New Roadmap for Summary Judgment Motions Developed by SCC
Date: February 11, 2014
In a case involving the use of summary judgment motions (Hryniak v. Mauldin, 2014 SCC 7) , the Supreme Court of Canada discussed access to justice issues in providing courts with guidance on the test for such motions. It held that summary judgment rules must be “interpreted broadly, favouring proportionality and fair access to the affordable, timely and just adjudication of claims.” The Supreme Court moved away from the Ontario Court of Appeal’s “full appreciation test”, which did not provide a methodology for courts to use in determining whether a genuine issue requiring a trial exists.
The Supreme Court provided a “roadmap”, stressing that deference should be given to the motion judge and the process must give the judge confidence in his or her decision. It stated: “There will be no genuine issue requiring a trial when the judge is able to reach a fair and just determination on the merits on a motion for summary judgment. This will be the case when the process (1) allows the judge to make the necessary findings of fact, (2) allows the judge to apply the law to the facts, and (3) is a proportionate, more expeditious and less expensive means to achieve a just result.” [para 49]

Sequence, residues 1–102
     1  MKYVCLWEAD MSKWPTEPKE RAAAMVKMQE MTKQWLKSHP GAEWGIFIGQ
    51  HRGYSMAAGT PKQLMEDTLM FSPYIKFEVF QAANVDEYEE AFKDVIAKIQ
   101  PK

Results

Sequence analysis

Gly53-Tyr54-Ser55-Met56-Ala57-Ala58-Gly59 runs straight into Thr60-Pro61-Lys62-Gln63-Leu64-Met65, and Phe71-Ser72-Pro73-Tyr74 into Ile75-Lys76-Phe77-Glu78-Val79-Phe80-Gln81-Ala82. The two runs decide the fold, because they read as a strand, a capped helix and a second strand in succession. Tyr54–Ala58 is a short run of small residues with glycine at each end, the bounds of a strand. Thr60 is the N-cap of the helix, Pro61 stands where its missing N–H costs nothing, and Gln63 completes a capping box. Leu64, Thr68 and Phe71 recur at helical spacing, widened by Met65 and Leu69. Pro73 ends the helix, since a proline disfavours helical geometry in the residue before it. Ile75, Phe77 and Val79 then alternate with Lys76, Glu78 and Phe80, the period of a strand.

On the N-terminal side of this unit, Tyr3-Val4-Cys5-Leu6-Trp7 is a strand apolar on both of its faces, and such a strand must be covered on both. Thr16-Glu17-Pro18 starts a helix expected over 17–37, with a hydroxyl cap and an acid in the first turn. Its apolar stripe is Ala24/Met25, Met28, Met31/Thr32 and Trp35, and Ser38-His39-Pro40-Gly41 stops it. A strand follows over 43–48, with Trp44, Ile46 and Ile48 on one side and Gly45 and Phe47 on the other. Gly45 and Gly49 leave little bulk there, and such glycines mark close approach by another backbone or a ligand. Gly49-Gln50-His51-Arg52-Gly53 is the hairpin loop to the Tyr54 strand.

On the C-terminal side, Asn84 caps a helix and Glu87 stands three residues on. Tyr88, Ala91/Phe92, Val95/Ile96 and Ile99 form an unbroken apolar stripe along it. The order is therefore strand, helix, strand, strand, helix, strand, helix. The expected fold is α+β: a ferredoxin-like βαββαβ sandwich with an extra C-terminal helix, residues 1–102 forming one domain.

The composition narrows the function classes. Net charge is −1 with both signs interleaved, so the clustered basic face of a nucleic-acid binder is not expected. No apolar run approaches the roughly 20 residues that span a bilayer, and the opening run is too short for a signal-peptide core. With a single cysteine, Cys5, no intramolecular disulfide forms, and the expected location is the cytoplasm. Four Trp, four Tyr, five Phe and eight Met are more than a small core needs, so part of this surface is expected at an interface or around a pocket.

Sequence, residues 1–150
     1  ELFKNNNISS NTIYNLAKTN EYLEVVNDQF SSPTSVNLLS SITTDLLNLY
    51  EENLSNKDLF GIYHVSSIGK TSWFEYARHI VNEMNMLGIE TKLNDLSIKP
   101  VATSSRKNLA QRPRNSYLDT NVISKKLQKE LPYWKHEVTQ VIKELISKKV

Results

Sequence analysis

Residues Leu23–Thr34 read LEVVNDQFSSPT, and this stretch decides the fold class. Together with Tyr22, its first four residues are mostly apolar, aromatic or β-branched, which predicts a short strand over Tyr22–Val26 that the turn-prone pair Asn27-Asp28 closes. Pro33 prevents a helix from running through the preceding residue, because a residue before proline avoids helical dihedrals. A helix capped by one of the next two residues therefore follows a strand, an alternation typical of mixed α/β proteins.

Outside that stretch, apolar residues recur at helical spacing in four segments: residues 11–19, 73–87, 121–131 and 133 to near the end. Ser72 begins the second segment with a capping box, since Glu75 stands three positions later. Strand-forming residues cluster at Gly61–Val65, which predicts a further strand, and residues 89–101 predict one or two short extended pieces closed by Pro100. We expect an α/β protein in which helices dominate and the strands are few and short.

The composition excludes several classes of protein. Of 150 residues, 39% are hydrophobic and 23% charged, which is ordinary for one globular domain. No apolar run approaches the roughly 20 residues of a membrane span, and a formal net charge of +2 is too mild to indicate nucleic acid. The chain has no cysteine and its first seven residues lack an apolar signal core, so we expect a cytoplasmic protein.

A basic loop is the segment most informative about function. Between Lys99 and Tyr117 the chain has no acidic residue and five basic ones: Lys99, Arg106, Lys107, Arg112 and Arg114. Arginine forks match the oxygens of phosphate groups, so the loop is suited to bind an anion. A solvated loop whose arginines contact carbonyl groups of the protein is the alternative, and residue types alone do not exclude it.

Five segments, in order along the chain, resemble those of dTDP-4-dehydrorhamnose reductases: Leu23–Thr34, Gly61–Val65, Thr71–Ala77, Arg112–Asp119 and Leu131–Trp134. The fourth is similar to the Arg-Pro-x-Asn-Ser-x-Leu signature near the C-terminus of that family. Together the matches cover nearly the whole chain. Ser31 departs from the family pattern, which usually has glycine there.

For a more detailed discussion of this case, see our Case in Point blog post, “Supreme Court Weighs in on Summary Judgment.”